US Presidential Election 2020: what will the outcome mean for Americans in the Czech Republic?

Julia Bryan of Democrats Abroad and Roger Johnson of Republicans Overseas weigh in on one of history's most high-stakes elections

Tom Lane

Written by Tom Lane
Published on 03.11.2020 10:06 (updated on 03.11.2020)

American expats living in Prague as well as interested spectators from across the globe will have an eye on the polls Tuesday night as Republican President Donald Trump faces Democratic former Vice-President Joe Biden.

Nearly nine million Americans live abroad with around half a million voting in 2016 and many more expected to take part via mail, email or fax this time around. Two eligible voters who live in the Czech Republic happen to be Roger Johnson, Vice President for Europe at Republicans Overseas and Julia Bryan, International Chair of Democrats Abroad.

Speaking via Zoom Thursday morning, Johnson had some thoughts on what would happen should President Trump be re-elected to the White House:

“It's already started--the economy is coming back very quickly. I think the fact that the schools have been shut down in the blue states, without sufficient preparation for dealing with the problems that causes the families and the children, I think that will come back quickly."

Roger Johnson, Vice President for Europe of Republicans Overseas
Roger Johnson, Vice President for Europe of Republicans Overseas

“I also think we will see further actions on bringing peace. I worked in Afghanistan for four years as a NATO contractor and I can tell you, I never thought there would be any peace there at all and I'm happy to see that he wants to shut down the operation. We've been there 19 years and I don't think we've accomplished anything after billions of dollars being spent and many, many thousands of lives."

“I also think we'll be able to resolve the issues with North Korea and I think China will be held to account for not only some of the economic things they've been doing, but this horrible virus--it started in China, and I think they should be blamed for the damage they've caused.”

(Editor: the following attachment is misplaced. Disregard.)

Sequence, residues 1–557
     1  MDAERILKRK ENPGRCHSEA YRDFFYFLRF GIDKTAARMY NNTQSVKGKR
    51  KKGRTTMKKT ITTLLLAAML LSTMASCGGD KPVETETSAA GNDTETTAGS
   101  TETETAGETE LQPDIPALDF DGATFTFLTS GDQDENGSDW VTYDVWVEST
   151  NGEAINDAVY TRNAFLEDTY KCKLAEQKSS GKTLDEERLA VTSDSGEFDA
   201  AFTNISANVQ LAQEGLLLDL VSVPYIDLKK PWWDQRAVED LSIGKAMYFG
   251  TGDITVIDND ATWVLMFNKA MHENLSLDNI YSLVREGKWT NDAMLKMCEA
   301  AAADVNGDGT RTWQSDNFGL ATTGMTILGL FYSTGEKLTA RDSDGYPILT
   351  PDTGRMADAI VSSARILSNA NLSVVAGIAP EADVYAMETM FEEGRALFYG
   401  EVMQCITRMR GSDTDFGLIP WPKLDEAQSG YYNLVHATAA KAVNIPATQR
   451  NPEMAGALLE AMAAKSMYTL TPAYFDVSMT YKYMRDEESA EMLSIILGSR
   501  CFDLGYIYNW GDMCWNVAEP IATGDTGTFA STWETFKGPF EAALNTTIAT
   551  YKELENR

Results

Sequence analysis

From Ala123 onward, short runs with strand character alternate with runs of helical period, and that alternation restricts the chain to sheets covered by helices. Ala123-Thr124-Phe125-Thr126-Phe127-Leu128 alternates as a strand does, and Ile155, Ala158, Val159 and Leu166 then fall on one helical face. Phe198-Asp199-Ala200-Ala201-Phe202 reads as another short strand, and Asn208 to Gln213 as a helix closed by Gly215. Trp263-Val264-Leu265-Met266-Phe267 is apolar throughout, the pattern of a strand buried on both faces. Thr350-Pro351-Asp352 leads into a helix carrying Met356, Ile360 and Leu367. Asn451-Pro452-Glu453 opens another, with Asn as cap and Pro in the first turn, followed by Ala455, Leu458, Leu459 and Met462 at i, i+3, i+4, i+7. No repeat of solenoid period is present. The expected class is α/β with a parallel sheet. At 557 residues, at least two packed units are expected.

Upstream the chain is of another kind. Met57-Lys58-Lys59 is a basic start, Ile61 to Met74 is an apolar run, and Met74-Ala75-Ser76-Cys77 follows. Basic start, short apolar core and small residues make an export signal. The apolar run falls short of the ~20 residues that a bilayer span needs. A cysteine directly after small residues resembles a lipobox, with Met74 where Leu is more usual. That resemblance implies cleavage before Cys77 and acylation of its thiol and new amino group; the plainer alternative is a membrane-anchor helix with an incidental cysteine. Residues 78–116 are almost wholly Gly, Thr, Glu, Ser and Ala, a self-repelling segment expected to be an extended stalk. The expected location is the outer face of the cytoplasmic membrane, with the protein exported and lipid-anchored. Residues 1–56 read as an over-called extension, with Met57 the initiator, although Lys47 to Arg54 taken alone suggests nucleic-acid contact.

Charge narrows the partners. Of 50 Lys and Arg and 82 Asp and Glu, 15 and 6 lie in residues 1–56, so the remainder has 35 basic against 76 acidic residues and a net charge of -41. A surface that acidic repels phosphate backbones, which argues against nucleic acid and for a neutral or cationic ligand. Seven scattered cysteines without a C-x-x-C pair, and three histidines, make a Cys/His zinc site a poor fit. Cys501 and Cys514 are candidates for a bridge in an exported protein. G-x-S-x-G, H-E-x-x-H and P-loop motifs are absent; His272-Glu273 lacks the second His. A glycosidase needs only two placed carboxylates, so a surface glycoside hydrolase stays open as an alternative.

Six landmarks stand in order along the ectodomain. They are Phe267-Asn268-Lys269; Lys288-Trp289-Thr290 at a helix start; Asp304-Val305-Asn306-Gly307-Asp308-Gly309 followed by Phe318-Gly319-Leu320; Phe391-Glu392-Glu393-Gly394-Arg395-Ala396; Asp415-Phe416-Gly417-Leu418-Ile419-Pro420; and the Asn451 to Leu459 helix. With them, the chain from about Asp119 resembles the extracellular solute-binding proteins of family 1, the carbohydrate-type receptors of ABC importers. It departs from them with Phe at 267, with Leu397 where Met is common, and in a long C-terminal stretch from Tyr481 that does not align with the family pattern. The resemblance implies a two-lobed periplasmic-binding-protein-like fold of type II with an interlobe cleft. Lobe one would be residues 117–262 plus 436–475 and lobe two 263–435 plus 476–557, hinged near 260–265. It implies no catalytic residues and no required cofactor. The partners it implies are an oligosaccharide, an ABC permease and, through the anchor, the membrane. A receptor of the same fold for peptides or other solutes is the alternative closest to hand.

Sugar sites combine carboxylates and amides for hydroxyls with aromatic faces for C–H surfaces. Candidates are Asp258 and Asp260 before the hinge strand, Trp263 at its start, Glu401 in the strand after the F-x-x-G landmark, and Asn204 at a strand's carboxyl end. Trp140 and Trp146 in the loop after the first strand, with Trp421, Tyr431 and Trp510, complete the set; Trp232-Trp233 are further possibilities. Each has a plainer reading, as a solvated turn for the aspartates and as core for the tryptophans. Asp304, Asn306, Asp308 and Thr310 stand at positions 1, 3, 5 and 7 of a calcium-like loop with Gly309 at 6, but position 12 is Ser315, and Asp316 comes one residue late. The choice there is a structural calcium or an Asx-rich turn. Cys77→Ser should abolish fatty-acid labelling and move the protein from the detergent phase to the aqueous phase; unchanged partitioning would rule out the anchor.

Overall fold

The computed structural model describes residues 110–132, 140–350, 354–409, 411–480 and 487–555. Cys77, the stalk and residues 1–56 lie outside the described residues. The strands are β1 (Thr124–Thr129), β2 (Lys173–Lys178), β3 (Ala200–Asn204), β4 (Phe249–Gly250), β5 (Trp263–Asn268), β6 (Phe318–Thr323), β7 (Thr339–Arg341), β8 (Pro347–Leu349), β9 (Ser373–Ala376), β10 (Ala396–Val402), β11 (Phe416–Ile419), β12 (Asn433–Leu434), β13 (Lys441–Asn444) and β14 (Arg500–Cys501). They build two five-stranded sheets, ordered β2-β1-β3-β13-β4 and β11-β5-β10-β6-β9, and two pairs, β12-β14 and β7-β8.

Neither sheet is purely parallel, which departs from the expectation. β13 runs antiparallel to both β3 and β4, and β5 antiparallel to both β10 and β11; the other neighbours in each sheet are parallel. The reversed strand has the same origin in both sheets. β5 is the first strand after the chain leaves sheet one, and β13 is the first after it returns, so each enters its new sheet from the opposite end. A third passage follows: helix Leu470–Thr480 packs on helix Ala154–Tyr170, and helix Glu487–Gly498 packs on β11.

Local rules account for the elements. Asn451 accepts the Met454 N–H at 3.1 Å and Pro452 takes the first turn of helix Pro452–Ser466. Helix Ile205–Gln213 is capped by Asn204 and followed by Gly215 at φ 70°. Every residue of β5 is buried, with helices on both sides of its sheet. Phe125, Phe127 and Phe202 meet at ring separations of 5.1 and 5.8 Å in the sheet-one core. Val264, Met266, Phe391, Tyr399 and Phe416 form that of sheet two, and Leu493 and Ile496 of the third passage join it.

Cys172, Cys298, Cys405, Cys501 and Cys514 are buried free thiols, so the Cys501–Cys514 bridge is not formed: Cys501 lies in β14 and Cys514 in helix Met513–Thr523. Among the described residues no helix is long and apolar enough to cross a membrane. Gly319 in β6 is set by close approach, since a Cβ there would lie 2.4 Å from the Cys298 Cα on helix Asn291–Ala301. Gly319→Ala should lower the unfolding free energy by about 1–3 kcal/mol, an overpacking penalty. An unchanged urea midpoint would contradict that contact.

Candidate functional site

“I don't see any negative reaction, I think it would be a positive thing when the economy opens up and goes forward. – Roger Johnson, Republicans Overseas on a Trump win

Bryan, from Democrats Abroad, believes a Biden Presidency would focus immediately on economic recovery as well as trying to get the virus under control:

“He's going to be focused first on the pandemic, he's going to be focused on building the economy. It's basically working together to resolve these two very important things for the American population: how do you put in place common sense regulations that mitigate the pandemic but also bring the economy back and use this opportunity to bring in good environmental structures in the workplace in the United States as well?"

Europe is currently in the midst of a second wave of the COVID-19 pandemic with countries including the Czech Republic, France, and Germany increasing measures targeted at dealing with the spread of coronavirus.

Many have been critical of the way President Trump has handled the efforts to reduce the spread of COVID in the US. Bryan is one of them.

Julia Bryan, International Chair of Democrats Abroad.
Julia Bryan, International Chair of Democrats Abroad.

“It's a disaster. Clearly, he doesn't care about the population, his empathy levels are less than zero. If that's at all possible. Just look at what happened in Omaha the other day, where thousands of people were left in that massive area without any way to get out. And were suffering from hypothermia.

“It's unbelievable actually, and that's an important state. That just demonstrates how little he cares for his voters. He really thinks that they're expendable, unfortunately, it's really horrible.”

“If Biden wins, then I think we can hold up our heads again. Many Americans abroad feel they are pitied to be from the United States – and that is a horrible feeling. – Julia Bryan, Democrats Abroad

Johnson takes a different tone when questioned about the President’s measures.

He believes Donald Trump has done a good job in difficult circumstances.

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“The first confirmed case in the United States of COVID illness was like the third week of January. On January 31, President Trump implemented a travel ban from China; for anyone traveling from China coming to the US, he stopped it. The next day, Joe Biden had a speech where he called that xenophobia and fear-mongering and just went after the president."